A few months ago, I became incredibly drunk while catching up with a friend of mine, the writer of strange and sadly funny stories of social commentary, Luke Hilton, when I hit upon a way to articulate something that had been playing on my mind for a while. Of course owing to the effects alcohol can have on brain chemistry, and the specific and aggregate context that constitutes a long conversation with an old friend, all I can present here is a partial account of what felt to me at the time to be a profound insight.
Basically, I am continually troubled by the idea that when I try to express something, I am always engaged in some sort of obfuscation. That in some way I am keeping an arm’s length from some vague notion of genuine expression or communication; a truth I am not always sure that exists and, indeed, I am often strongly of the opinion that it does not.
This is a problem I find in reading (or other media consumption) as much as in writing. When I read something that gestures towards some sort of political analysis or that rails against systemic injustice, while I may well agree with what the work communicates proposition by proposition, I find I am left cold, as all that is said there seems reducible to some ideal abstraction. On the other hand, if I read something deeply personal, while I may be thrilled by the moments of identification and empathic sparks, I am often left feeling as if the experience is taking place in a void, where the scale and complexity of our entanglement in the world has been neglected.
An example of the former could be Paul Murray’s The Mark and The Void, a metafictional satire/heist novel about the financial crisis. Murray has a raucous fun writing a version of himself as a supporting character into his tale of Claude, a disillusioned French philosophy student turned banker, and indeed much of it is effective. His invention of snippets of theory from a fictional continental philosopher (leaning heavily on Baudrillard) add conceptual depth to well-trodden ground of the mocking the vulgarities of financial capitalism.
However, what irritates me is that this depth seems to stop at the edge of his satirical target. When it comes to his character’s inner lives all we know is that Claude is sad because he left behind part of his life (the study of continental philosophy) that he thought added depth, the novel’s Paul Murray is bitter and fame hungry after the success of another novel he feels heavily plagiarized his previous one, and that Ariadne, a waitress/artist, is desirable to Claude because she (and series of artworks called “Simulacrum”) presents him with a way to contact something he finds significant. This is all there is to the characters who form the frame of metafictional devices. That being said, it is an ingeniously constructed device, which illustrates the conceptual relationship between the stories that structure the operations of markets and the stories of novels. This is a clever point but is left feeling light as it is enacted by character-shaped-entities rather than fully fleshed out characters. In short, we see how people are shaped by systems but not how such system emerge from people.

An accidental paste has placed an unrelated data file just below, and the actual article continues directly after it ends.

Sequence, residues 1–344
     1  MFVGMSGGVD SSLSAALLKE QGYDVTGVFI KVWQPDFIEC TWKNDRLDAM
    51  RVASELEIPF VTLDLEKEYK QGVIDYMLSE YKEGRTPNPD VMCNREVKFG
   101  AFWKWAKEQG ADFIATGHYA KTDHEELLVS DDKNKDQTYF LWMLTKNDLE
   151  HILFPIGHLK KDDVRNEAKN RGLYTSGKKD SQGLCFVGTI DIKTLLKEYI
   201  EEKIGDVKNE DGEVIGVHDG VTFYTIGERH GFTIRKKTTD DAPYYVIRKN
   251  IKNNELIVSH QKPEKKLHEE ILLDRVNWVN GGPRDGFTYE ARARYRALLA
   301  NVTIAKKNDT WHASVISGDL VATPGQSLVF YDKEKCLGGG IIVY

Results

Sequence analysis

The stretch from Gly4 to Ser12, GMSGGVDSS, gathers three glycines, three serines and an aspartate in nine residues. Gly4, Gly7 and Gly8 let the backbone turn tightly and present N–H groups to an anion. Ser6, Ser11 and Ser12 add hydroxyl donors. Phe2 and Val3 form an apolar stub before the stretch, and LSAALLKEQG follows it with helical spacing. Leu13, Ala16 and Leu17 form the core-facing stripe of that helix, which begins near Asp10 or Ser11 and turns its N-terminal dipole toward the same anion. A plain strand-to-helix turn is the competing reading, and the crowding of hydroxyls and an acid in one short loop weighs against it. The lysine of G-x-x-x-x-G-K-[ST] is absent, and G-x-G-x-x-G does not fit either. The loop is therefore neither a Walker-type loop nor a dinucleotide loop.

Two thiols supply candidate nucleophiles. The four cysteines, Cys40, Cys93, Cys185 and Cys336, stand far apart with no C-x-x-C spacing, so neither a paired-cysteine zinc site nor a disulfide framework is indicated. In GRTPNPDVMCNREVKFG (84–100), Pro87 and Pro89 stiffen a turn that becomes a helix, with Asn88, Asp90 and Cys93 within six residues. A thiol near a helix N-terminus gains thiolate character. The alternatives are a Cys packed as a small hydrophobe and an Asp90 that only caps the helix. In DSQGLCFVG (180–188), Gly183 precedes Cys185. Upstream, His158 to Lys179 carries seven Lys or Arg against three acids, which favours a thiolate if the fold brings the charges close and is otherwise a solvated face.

Perhaps though what Murray is most guilty of, through no fault of his own, is that his writing reminds me of some of my own attempts at fiction. There is something in the use of humour that I find reflects elements of my personality I would rather be without; a certain need to win the approval of an audience that I simultaneously somewhat despise; an audience that are entirely of my own subconscious invention. This is not to say that I think my writing is bad in some sort of self pitying way. In fact I think, save for a little editing, it is a pretty good example of what it is, and the same is true of The Mark and The Void. It is simply that it isn’t what I thought I would make. It seemed something automatic took place, that this was the content I felt safe in producing and, therefore, also disappointing.
For an example of the later problem we can perhaps look to Karl Ove Knausgaard’s My Struggle, specifically the first volume, which I have actually read. (I’m sure there are some readers who would suggest that as I have not read all six volumes of Knausgaard’s Proustian autobiographical epic I should not comment on the work, especially as he goes on about the Nazi’s later on. To those people I say, what is the only part of In Search of Lost Time that people actually talk about? That’s right, it’s the stuff about the madeleine cake from Swan’s Way, otherwise known as the first one or the one people have actually read).
There are moments in this books that give the rush of empathic understanding mentioned above. Knausgaard’s evocation of sneaking out to get drunk on New Year’s Eve, stemming from a moment’s distraction in the present of writing, is a subtle depiction of the intoxication of nostalgia that is inescapably entangled in the production of personal identity. But the odd thing is that for all Knausgaard’s ruminations on masculinity and his father’s role in forming this complex within him, the buck kind of stops in his small Norwegian home town. There is no real attempt to connect this to something related to power, like say patriarchy, even if the word itself would stick out in the context of the memoire. Instead, while we are left to see the relationship between Karl and his father as a not entirely universal but nonetheless general phenomena, we aren’t dealing with the pathologies produced through the ossification of structure of power, but looking into the problems of human nature. This is a conclusion that not only offers no hope to the reader, beyond knowing there are others out there who share your problems, but is not actually that interesting as Knausgaard’s anxieties just hang there as a kernel of beautiful incomprehensible traumas.